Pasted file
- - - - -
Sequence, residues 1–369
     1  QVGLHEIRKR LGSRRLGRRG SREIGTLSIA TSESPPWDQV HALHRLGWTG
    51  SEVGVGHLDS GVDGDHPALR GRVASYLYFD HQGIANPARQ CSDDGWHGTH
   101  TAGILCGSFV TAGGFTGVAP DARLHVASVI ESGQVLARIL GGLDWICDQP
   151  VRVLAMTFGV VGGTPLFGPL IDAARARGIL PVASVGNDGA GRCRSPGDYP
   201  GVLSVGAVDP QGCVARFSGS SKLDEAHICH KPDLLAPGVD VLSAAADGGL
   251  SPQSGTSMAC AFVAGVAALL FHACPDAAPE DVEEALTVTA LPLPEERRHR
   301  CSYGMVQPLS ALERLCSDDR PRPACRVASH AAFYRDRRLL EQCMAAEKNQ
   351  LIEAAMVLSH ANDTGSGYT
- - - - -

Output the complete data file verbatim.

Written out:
Sequence, residues 1–369
     1  QVGLHEIRKR LGSRRLGRRG SREIGTLSIA TSESPPWDQV HALHRLGWTG
    51  SEVGVGHLDS GVDGDHPALR GRVASYLYFD HQGIANPARQ CSDDGWHGTH
   101  TAGILCGSFV TAGGFTGVAP DARLHVASVI ESGQVLARIL GGLDWICDQP
   151  VRVLAMTFGV VGGTPLFGPL IDAARARGIL PVASVGNDGA GRCRSPGDYP
   201  GVLSVGAVDP QGCVARFSGS SKLDEAHICH KPDLLAPGVD VLSAAADGGL
   251  SPQSGTSMAC AFVAGVAALL FHACPDAAPE DVEEALTVTA LPLPEERRHR
   301  CSYGMVQPLS ALERLCSDDR PRPACRVASH AAFYRDRRLL EQCMAAEKNQ
   351  LIEAAMVLSH ANDTGSGYT